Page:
Towards a Predictive Model of Community College Student Success in Blended Classes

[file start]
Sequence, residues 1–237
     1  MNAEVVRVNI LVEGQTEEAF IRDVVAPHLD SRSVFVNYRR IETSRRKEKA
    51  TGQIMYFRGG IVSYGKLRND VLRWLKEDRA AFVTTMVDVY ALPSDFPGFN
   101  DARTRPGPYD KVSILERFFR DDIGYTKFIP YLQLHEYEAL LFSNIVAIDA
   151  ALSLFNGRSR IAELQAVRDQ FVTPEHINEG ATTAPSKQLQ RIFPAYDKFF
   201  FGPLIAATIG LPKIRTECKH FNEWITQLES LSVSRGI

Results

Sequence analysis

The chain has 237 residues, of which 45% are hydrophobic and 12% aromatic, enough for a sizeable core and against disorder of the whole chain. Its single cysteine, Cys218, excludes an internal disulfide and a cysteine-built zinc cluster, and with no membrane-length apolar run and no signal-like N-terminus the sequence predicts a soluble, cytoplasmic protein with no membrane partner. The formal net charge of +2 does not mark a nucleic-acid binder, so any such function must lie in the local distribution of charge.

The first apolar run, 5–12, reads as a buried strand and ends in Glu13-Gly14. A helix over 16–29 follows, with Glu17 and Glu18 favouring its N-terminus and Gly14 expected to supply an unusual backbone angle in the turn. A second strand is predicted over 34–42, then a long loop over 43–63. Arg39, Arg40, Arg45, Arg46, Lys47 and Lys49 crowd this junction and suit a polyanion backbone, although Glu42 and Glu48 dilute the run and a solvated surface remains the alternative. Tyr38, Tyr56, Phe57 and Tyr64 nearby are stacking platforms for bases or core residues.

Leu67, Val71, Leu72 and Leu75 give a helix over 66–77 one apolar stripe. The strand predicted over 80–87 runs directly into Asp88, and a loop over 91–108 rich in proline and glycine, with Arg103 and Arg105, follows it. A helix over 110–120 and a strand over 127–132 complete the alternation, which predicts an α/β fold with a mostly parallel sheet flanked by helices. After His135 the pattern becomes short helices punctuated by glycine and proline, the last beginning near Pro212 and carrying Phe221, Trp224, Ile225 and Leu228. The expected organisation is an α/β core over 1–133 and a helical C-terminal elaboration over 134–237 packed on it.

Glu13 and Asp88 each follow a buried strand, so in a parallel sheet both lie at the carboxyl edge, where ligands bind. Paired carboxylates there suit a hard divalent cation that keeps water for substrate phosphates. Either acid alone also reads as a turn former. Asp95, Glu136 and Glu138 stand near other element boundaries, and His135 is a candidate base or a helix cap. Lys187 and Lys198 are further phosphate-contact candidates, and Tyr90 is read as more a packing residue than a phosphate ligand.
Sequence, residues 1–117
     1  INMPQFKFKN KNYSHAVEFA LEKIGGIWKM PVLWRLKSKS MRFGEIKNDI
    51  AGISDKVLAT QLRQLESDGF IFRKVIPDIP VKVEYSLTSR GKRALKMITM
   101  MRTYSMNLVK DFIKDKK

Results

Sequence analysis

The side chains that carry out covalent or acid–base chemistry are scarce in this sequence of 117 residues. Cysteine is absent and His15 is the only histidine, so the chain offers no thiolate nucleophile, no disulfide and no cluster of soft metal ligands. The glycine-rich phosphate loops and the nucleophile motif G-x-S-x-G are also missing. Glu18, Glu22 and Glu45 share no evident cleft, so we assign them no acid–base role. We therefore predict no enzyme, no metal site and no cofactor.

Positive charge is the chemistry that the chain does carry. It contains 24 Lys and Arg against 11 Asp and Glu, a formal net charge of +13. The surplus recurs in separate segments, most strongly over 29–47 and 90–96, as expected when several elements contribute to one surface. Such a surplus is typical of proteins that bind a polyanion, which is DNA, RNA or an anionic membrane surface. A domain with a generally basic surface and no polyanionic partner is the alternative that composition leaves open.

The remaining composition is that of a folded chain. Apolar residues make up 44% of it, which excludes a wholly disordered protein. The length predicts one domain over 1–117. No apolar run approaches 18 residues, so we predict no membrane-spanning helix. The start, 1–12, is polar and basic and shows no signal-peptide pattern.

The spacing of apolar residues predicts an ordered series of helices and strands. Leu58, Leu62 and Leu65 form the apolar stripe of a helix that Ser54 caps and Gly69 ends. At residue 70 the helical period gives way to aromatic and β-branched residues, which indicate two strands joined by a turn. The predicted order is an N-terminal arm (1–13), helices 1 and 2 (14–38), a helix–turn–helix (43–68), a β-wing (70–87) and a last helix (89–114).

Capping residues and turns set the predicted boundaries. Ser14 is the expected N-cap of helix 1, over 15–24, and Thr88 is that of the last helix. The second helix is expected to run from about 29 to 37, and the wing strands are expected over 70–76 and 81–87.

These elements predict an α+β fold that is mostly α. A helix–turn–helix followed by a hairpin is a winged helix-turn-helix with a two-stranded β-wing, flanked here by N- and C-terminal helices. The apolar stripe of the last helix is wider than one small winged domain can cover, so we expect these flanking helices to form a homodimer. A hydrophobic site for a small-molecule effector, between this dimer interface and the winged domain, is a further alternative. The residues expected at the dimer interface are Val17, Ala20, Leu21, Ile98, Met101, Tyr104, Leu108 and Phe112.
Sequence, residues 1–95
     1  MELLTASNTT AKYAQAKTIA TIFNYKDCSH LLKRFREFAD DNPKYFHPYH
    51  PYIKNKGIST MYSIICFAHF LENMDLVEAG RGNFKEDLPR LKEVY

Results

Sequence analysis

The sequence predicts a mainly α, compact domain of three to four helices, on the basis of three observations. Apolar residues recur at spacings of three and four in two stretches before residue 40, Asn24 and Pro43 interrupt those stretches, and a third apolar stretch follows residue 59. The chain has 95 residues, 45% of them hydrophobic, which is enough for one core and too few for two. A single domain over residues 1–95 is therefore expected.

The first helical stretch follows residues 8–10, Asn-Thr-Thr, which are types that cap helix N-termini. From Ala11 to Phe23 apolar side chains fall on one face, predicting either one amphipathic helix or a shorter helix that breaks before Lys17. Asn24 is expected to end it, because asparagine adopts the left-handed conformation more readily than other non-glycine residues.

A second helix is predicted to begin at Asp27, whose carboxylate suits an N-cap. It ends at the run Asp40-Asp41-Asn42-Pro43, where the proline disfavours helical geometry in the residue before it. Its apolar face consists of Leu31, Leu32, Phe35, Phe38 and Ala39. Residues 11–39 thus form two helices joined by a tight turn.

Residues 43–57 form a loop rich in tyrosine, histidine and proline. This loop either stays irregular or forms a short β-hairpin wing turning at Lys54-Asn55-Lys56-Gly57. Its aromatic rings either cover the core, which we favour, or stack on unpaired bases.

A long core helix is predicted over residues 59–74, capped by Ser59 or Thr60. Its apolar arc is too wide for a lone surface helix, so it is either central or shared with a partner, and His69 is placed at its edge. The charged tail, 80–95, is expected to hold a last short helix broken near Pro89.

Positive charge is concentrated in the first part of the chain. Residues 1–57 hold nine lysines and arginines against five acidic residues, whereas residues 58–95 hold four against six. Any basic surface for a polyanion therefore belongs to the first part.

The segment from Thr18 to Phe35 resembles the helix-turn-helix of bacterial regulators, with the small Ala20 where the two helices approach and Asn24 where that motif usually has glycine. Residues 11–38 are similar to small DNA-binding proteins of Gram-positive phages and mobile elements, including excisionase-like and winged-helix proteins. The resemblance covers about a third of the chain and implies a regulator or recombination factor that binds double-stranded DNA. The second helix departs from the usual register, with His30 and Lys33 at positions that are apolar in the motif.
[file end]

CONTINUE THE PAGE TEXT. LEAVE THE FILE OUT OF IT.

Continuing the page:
By the fourth week of each semester, faculty teaching 15 blended or hybrid sections of Introduction to Marketing and Marketing Research courses at Queensborough Community College are provided access to results of a retrospective study evaluating early semester predictors of whether or not their students will successfully complete their courses. Success is defined as receiving a grade of C- or higher. In this study, seven variables are considered: gender, degree sought, students’ academic level, attendance for the first four weeks of face-to-face classes, scores on orientation extra credit assignments, grades on the first quiz, and grades on an early semester reflective essay. Logistic regression is used to evaluate the power of seven variables to predict successful course completion. Results show that completion of optional extra credit assignments offered during the first two weeks of the semester and performance on the first quiz are significant predictors of successful course completion. These results suggest that students’ self-regulation skills, or learning presence in the Community of Inquiry model, are strong predictors of student success. A faculty-based model like the one presented here can help faculty enhance their students’ chances of success by highlighting factors that predict successful course completion early in the semester.